Camp America – Not What You Imagined

The BBC investigative program Panorama, this week highlighted the very real problem of poverty faced by many Americans. The program sent journalists around to various American cities that have seen groups of tents spring up on their outskirts.

These tents are not made up of festival-goers, or hippies who want to live off the land and enjoy a simple life. No, these tents are, unfortunately, the only accommodation that the unemployed or the poorly paid can afford.

Visiting these ‘campsites’ Panorama highlighted the terrible conditions in which these people have succumbed to living in. Many of them lacked toilets, had very limited access to electricity, sanitation was poor, conditions unhygienic and the inhabitants have little chance to stay warm and dry when the weather turns wet or icy.

There is estimated to be nearly 60 of these ‘tent towns’ around American cities, one of the largest – in Florida, is thought to house approximately 300 people.


According to census data, 47 million Americans now live below the poverty line – the most in half a century – fuelled by several years of high unemployment.

One of the largest tented camps is in Florida and is now home to around 300 people. Others have sprung up in New Jersey and Portland.

In the Ann Arbor camp, Alana Gehringer, 23, has had a hacking cough for the last four months.

“The black mould – it was on our pillows, it was on our blankets, we were literally rubbing our faces in it sleeping every night,” she said of wintering in a tent.

The camp is run by the residents themselves, with the help of a local charity group. Calls have come in from the hospital emergency room, the local police and the local homeless shelter to see if they can send in more.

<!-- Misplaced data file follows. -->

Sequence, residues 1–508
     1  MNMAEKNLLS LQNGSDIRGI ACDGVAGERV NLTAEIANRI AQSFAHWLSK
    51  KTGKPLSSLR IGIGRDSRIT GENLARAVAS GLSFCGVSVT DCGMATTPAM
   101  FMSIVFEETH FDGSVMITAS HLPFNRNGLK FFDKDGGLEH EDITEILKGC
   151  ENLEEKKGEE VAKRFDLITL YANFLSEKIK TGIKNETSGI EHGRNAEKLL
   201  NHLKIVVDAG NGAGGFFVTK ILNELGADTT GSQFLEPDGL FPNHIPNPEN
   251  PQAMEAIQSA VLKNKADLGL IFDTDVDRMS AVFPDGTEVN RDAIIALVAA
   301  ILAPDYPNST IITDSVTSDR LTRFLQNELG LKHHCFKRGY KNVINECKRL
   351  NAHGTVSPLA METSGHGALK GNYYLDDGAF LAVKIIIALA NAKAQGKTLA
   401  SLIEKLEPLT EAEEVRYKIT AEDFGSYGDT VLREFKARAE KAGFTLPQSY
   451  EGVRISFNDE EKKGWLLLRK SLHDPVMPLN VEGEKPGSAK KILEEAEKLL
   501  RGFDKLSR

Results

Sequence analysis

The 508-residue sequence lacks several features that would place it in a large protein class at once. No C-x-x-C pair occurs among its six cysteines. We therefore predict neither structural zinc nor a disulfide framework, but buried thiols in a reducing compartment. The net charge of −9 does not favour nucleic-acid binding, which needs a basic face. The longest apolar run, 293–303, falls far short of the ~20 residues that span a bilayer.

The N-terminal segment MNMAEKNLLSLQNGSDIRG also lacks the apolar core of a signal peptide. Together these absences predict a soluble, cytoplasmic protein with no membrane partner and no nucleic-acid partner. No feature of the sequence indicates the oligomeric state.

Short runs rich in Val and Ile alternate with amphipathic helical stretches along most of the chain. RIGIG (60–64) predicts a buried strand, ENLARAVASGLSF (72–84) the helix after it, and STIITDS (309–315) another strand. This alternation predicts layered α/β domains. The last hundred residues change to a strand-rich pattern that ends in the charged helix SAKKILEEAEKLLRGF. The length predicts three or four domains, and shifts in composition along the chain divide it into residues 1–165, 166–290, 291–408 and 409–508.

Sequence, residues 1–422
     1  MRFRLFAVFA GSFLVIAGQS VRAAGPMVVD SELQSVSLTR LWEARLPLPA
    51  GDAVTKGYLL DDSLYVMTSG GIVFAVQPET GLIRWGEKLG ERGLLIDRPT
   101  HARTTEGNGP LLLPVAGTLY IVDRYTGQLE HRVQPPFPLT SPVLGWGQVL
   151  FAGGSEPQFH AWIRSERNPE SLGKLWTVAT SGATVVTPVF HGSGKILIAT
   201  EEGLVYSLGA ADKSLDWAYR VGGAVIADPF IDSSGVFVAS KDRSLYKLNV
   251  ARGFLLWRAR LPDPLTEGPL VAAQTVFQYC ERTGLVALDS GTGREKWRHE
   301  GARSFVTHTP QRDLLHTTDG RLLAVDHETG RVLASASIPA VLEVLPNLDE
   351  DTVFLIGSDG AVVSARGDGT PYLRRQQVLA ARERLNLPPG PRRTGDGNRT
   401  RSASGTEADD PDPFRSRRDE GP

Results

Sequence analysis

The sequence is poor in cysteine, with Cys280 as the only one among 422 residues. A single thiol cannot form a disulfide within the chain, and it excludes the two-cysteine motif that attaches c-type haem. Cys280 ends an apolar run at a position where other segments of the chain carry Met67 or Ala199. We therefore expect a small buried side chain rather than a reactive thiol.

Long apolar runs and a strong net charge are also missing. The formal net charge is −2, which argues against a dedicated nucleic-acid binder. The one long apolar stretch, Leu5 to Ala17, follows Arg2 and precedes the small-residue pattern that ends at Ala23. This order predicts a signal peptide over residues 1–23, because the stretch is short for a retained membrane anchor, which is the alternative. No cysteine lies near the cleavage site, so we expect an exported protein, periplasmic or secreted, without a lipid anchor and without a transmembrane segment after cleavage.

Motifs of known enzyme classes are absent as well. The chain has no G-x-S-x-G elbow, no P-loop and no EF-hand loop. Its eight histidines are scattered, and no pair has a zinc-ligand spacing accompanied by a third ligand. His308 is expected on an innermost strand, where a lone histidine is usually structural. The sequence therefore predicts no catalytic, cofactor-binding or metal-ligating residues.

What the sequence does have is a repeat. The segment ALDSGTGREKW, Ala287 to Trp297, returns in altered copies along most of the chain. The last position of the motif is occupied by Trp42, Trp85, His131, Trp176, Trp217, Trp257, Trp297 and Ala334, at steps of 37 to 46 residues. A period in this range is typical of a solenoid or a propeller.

I have only been camping once in my life, and that was to attend the Glastonbury Festival. Although the experience was mostly a pleasant one, as I was surrounded by friends, good music and fabulous entertainment, by the end of the week I was longing for my hot bath and my warm bed. I was fed up fighting with bugs and mosquitoes, of trying to get clean in a bucket of water or with a not so efficient ‘solar shower’, I was sick of the festival toilets which were full of mud and hardly hygienic.

I can only imagine what these poor people, who have ended up living in these campsites almost permanently, must be going through. Though I am sure it is a damn sight better than being homeless, it is not really an acceptable way for society to treat its impoverished and something drastic must be done to help these people.

Figures from the latest census stated that around 47 million people live below the poverty line in America and it is thought that nearly 5,000 people have resorted to living in these tented encampments.

Many of these camps are run by the residents who hold meetings and devise community rules and regulations, others are run by churches or homeless charities.
It is widely believed that this is the worst period of poverty experienced by Americans since the great depression in the 1930s – with unemployment figures stating that approximately 13million Americans are currently out of work.

For many of us, especially those of us from outside of the USA, this will be the first time we are hearing about these ‘tent cities’. It is a shocking to think that this many people, in what is supposed to be one of the richest countries in the world, have had to resort to living in conditions like this.

Watch Poor America on BBC Iplayer

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About Sheniz Raif

I am, and think I have always been, a writer. I’ve been scribbling stories since I was old enough to hold a pen and thoroughly enjoy using my words to make people laugh or inspire them. I love going to gigs and am a professional groupie for a couple of awesome bands. I am an avid fan of socializing, football, film, and refusing to grow up! I’m also a proud member of the BODO UK team!